Como gardens are open Mon to Sat 9am to 5pm and Sun 10am to 5pm.

Como Shop & Gallery and Book Shop open Wednesday to Sunday, 10am to 3pm.

Corner Williams Rd & Lechlade Ave,
South Yarra 3141

Wurundjeri Woiwurrung Country

We acknowledge the Traditional Owners of Country throughout Victoria and recognise their continuing connection to lands, waters and communities. We pay respects to Aboriginal and Torres Strait Islander cultures; and to Elders past and present.

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Planning your visit

Como House and Garden


Corner Williams Rd & Lechlade Ave,
South Yarra 3141 VIC

Entry Fees:

National Trust members: Free
Adult: $15
Concession: $12
Child (15 years & under): $9
Family (2 adults + 2 children): $35

What we offer:

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Paul Bangay Garden

The Como perennial border has undergone rejuvenation works. Renowned designer and Como Ambassador Paul Bangay has worked with the National Trusts' garden team and designed an interpretation of a classic perennial border, befitting a garden of the scale and significance of Como. Paul's design comprises over 900 plants and draws on varieties listed in Willaim Sangster's 1862 diary notes of plants growing at Como during Sangster's time as head gardener. The design was implemented by the National Trust's garden team and Como garden volunteer group.

Como Shop & Gallery

Shop unique creations and handmade treasures. Open Wednesday Shop unique creations and handmade treasures. Open Wednesday to Sunday from 10am to Sunday from 10am to 3pm.


Please note our shop is temporarily closed. 


The Stables of Como

Blending an elegant fusion of past and present The Stables of Como affectionately nicknamed ‘The Stables’, is one of Melbourne’s best kept secrets.


Enjoy a meal in the cafe or book a picnic to enjoy in the gardens.


National Trust Book Shop

The National Trust Bookshop has a carefully curated collection of quality secondhand books. Shop from a variety of genres including Australian art, history, furniture and gardening books, whether you are an ardent bibliophile with an eye for rare books or just an avid reader.

Weddings & Venue Hire

Como House is the perfect setting for your special day or unique event.


Photography and filming

Como is a unique location for filming and photography, and has played host to many local and international movies, advertising campaigns and photoshoots.


The History of Como House

The Early Years

Como was built on the land of the Ngaruk Willam clan of the Boon Wurrung people who were part of the five groups who formed the Kulin nation who had lived on the land for thousands of years.


The settlement of Melbourne was a village barely two years old when the site that is now Como was used as a cattle run in 1837.


In 1847 Edward Eyre Williams, lawyer and later Judge of the first Supreme Court of Victoria purchased land extending from the Yarra River to Toorak Road.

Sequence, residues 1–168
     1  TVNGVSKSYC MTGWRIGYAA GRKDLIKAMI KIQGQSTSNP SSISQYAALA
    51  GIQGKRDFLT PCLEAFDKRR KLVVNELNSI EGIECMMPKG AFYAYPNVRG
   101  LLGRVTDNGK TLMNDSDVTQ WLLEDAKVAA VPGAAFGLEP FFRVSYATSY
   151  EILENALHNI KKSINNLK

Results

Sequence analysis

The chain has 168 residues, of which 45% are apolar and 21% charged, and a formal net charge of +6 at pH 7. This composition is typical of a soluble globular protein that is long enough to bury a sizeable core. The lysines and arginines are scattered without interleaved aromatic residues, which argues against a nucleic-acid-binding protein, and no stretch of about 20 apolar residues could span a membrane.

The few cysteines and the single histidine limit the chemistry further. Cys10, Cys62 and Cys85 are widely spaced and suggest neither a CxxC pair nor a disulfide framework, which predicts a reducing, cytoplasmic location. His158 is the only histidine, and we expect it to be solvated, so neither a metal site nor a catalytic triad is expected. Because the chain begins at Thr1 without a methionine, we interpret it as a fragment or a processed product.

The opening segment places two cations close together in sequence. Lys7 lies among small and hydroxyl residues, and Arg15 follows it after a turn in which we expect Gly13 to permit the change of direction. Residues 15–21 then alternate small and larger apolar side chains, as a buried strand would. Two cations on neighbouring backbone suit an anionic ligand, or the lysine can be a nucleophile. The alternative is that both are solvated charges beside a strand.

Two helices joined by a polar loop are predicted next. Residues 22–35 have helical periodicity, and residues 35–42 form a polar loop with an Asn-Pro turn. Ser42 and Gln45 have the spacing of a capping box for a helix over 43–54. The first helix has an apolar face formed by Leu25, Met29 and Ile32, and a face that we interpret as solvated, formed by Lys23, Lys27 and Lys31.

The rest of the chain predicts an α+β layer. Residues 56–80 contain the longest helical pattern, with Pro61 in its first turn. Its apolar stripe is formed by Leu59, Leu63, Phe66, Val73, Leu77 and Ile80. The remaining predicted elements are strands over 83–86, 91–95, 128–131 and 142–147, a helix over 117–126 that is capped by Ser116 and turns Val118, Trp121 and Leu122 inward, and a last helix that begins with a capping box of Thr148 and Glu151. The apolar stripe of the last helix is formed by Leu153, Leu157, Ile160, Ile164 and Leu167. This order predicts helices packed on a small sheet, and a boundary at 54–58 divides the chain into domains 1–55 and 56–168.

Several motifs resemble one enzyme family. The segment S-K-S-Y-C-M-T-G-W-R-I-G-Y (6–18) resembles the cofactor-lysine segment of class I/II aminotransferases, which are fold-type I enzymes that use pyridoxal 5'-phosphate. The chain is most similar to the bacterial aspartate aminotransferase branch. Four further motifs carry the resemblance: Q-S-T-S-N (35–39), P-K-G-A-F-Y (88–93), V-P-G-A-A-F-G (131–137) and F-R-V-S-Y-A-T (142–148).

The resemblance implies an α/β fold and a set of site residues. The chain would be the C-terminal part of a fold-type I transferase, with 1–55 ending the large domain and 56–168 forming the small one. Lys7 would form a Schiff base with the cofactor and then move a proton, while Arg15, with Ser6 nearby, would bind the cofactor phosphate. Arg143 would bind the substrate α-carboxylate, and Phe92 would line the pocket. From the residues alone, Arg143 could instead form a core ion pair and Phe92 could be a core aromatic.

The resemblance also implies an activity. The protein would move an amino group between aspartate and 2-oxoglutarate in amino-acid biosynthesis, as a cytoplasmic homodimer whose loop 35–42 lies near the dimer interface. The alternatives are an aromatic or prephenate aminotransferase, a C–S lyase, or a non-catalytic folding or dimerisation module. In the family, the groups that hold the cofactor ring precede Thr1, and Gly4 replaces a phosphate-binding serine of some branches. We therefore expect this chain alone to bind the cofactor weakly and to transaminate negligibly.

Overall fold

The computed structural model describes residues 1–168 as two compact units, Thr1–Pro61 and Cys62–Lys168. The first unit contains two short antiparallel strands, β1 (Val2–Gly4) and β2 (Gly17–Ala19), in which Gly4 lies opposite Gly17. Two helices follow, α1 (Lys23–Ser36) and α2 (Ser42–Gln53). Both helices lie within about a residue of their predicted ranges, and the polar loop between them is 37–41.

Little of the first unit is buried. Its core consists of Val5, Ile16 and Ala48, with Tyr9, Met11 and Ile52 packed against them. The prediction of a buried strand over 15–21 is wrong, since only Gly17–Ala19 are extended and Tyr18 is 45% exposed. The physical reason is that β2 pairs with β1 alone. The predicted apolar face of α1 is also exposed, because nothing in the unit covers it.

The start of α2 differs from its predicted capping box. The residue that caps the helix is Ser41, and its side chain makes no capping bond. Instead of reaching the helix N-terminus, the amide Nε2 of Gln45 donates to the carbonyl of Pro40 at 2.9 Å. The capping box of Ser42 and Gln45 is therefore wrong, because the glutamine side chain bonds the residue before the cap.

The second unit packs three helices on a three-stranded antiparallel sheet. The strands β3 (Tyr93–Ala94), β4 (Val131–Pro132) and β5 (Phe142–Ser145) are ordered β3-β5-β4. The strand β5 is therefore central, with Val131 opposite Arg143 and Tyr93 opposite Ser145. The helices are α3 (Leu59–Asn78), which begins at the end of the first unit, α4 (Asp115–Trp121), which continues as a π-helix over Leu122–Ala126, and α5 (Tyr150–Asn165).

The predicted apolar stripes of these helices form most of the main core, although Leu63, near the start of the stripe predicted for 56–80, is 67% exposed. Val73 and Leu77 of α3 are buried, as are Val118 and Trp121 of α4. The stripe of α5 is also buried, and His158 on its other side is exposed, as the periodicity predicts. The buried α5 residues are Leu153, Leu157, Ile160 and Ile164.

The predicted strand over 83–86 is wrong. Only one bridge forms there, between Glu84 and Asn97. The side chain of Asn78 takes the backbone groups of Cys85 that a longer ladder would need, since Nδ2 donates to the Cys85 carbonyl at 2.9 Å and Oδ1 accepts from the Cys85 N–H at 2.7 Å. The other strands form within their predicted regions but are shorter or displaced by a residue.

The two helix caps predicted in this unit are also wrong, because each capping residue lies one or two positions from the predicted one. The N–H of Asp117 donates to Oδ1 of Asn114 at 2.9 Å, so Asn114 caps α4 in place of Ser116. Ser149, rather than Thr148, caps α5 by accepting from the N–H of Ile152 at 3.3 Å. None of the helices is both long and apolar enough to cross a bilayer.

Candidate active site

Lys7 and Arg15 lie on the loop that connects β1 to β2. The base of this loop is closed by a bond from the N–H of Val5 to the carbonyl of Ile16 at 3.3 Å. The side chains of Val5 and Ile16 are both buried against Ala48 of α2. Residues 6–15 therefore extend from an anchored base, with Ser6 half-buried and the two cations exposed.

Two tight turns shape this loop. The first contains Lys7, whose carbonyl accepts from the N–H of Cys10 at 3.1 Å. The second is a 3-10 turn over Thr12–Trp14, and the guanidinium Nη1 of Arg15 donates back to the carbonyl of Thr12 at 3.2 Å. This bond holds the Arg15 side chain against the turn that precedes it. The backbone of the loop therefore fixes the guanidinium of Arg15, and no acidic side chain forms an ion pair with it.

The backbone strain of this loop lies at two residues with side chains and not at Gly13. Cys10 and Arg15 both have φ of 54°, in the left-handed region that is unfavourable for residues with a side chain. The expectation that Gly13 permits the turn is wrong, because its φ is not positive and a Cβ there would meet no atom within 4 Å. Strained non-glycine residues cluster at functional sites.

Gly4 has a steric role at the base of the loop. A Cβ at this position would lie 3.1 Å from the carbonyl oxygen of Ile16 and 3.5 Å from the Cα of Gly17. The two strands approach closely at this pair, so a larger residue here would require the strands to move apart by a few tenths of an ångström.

He had a four roomed residence with separate kitchen built and named it ‘Como’ after the Italian Lake Como where he had proposed to his wife Jessie (pictured, with Justice Williams).

Como during the 1850s and beyond

In 1852 Williams sold Como, with its “noble frontage to the River Yarra,” and “most commanding views of the surrounding country that could be desired” to Frederick Dalgety, owner of a firm providing supplies to wool, gold and settlers’ trades.


Dalgetty paid £4,200 for the house and grounds, commenting that “I know it was not a bargain, but I foresaw that if I delayed I should not be able to buy except at a higher figure.”
Dalgety, however, found Como “infernally dull” and sold it within a year to John Brown, master builder and later a wine and spirits merchant.


It turned out to be a bargain for Dalgety because Brown paid him £12,000 for Como!
Brown had the grounds landscaped and added a second storey to the original four rooms, including a Ball Room overlooking the gardens. The Ball Room, divided by folding doors, can still be seen upstairs. Portraits of John Brown and his wife Helen hang in the Billiard Room.

From the Armytages to the National Trust

In 1864, wealthy pastoralist Charles Armytage bought Como, originally as a town house for himself and his wife Caroline. The Ballroom wing was added in 1874 and includes an upstairs children’s wing.


Charles died in 1876, leaving the property to Caroline.


Following Caroline’s death in 1909, the property was sub-divided and, along with the house, put up for auction. Her daughters Ada, Laura, Constance and Leila purchased some land and the house and continued to spend most of their adult lives at Como. Ada purchased another family property, Holm Park at Beaconsfield and lived there.


In 1959 Como and its contents was sold by Constance and Leila (pictured as children in the grounds) to the National Trust.